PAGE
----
A total of 343 citizen-initiated measures have qualified for the ballot since 2012. Even-years tend to see a much higher number of measures qualify for the ballot than odd years. Between 2012 and 2023, an average of 53 measures qualified for the ballot in even years, while an average of 4.2 qualified for the ballot in odd years.
Seventy-three races where candidates share the same last names
Among the elections Ballotpedia is covering in 2023, 73 are between 148 candidates who share last names with one or more of their opponents. Pennsylvania had the most such races (27), followed by Wisconsin (19) and Oklahoma (7).
North Carolina and Wisconsin each had races where three candidates shared the same last name.
This data includes the elections within Ballotpedia’s regular coverage scope and our comprehensive coverage of school board elections taking place in 10 states: Colorado, Kansas, Minnesota, Ohio, Oklahoma, Pennsylvania, South Dakota, Virginia, Washington, and Wisconsin. Data for previous years does not include the comprehensive school board election coverage.
In many cases, the races where candidates shared a surname reflect how common that surname is. “Brown,” for example, was the fourth most common surname in the U.S. according to the 2010 census. It was also the most common shared last name among candidates in this analysis, appearing in four races. In other cases, candidates who shared a last name were related to each other.
In 2022, Ballotpedia covered 22 races in 13 states and territories between 45 candidates that shared last names with one or more of their opponents. New Hampshire had the most races with six, and the U.S. Virgin Islands had the only race with three candidates who shared the same last name.
According to the U.S. Census Bureau, Smith was the most common surname in the 2010 census, with 2.44 million people. Ten other surnames appeared more than a million times in the 2010 census. In order, they were: Johnson (1.93 million), Williams (1.63 million), Brown (1.44 million), Jones (1.43 million), Garcia (1.17 million), Miller (1.16 million), Davis (1.12 million), Rodriguez (1.09 million), Martinez (1.06 million), and Hernandez (1.04 million).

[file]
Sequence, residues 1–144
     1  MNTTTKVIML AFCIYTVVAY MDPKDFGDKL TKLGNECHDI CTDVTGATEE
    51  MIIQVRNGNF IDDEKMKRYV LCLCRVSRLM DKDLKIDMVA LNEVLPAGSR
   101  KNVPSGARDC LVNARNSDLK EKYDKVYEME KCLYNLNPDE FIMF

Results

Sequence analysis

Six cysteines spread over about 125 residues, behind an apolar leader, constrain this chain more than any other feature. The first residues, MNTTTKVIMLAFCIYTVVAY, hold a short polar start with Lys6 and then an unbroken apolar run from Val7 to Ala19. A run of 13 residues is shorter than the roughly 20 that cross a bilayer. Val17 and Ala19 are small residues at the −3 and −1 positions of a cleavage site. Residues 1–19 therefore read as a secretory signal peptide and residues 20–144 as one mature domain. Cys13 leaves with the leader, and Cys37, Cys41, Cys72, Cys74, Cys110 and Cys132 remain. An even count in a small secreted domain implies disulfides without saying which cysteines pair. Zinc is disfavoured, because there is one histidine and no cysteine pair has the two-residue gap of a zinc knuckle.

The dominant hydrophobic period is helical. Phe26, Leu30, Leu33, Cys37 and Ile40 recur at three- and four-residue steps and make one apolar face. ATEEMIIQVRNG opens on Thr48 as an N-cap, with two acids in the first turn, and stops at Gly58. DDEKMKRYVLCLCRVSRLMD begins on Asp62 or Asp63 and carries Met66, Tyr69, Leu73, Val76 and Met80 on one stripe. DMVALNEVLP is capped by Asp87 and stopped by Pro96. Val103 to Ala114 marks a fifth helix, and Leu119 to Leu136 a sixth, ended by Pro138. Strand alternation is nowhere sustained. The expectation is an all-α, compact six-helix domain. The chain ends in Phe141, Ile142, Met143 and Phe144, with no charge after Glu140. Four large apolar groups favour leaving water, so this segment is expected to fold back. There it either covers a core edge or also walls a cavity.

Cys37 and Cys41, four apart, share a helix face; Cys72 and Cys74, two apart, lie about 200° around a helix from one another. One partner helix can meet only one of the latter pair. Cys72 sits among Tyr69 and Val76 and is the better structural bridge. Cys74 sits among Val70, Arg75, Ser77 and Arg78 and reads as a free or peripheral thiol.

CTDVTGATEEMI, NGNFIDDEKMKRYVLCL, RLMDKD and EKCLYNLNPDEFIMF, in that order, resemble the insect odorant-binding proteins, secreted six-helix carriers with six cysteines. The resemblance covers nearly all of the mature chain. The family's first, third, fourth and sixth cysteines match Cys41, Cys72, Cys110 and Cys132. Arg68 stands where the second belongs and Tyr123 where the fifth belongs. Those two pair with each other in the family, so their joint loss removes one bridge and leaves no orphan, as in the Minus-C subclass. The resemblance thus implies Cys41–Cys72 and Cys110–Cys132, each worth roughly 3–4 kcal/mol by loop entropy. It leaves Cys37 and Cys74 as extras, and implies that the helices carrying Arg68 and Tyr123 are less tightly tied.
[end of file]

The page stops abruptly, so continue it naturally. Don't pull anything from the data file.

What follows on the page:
Ballotpedia previews November elections in the latest episode of On the Ballot
It’s hard to believe, but this week’s episode of On the Ballot is our last one before the Nov. 7 elections (!). To bring our listeners up to date with everything they need to know before Election Day, host Victoria Rose brought some of the podcast’s regular guests for a roundtable discussion to preview next week’s elections.
In the episode, Ballotpedia staff writers Doug Kronaizl and Joe Greaney, as well Managing Editor Cory Eucalitto, dive into some of the key 15 races we’re watching this month. We selected these races based on past election results, unique election-specific circumstances, and election race ratings.
Among the races the group discusses in the episode are:
- Gubernatorial elections in Kentucky and Mississippi
- U.S. House special elections in Rhode Island and Utah
- State legislative elections in Virginia
- The mayoral race in Wichita, Kansas
- The Nov. 7 election for one seat on the Pennsylvania Supreme Court
- School board elections in two Pennsylvania school districts—Pennridge School District and Central Bucks School District—and Mentor Exempted Village School District, in Ohio
If you want to read more about these races and the other top elections we’re watching next week, click here. To listen to our full episode, click the link below.
And remember! New episodes of On the Ballot come out Thursday afternoons, so if you’re reading this on the morning of Nov. 2, you’ve still got time to subscribe to On the Ballot on your favorite podcast app before this week’s episode comes out!